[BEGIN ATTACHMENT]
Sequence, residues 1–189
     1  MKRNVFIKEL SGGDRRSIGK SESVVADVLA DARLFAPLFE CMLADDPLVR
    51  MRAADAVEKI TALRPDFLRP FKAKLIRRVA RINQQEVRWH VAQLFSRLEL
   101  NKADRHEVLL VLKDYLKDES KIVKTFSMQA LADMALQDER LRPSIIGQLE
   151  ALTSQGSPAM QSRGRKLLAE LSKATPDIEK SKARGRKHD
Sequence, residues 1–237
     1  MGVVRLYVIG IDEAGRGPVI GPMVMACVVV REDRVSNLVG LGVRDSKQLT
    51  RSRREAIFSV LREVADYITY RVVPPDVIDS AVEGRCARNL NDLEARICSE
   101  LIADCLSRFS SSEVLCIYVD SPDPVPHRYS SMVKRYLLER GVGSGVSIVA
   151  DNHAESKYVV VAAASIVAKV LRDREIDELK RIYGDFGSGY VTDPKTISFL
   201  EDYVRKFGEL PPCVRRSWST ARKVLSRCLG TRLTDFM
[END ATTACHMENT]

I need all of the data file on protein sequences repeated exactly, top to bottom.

Sequence, residues 1–189
     1  MKRNVFIKEL SGGDRRSIGK SESVVADVLA DARLFAPLFE CMLADDPLVR
    51  MRAADAVEKI TALRPDFLRP FKAKLIRRVA RINQQEVRWH VAQLFSRLEL
   101  NKADRHEVLL VLKDYLKDES KIVKTFSMQA LADMALQDER LRPSIIGQLE
   151  ALTSQGSPAM QSRGRKLLAE LSKATPDIEK SKARGRKHD
Sequence, residues 1–237
     1  MGVVRLYVIG IDEAGRGPVI GPMVMACVVV REDRVSNLVG LGVRDSKQLT
    51  RSRREAIFSV LREVADYITY RVVPPDVIDS AVEGRCARNL NDLEARICSE
   101  LIADCLSRFS SSEVLCIYVD SPDPVPHRYS SMVKRYLLER GVGSGVSIVA
   151  DNHAESKYVV VAAASIVAKV LRDREIDELK RIYGDFGSGY VTDPKTISFL
   201  EDYVRKFGEL PPCVRRSWST ARKVLSRCLG TRLTDFM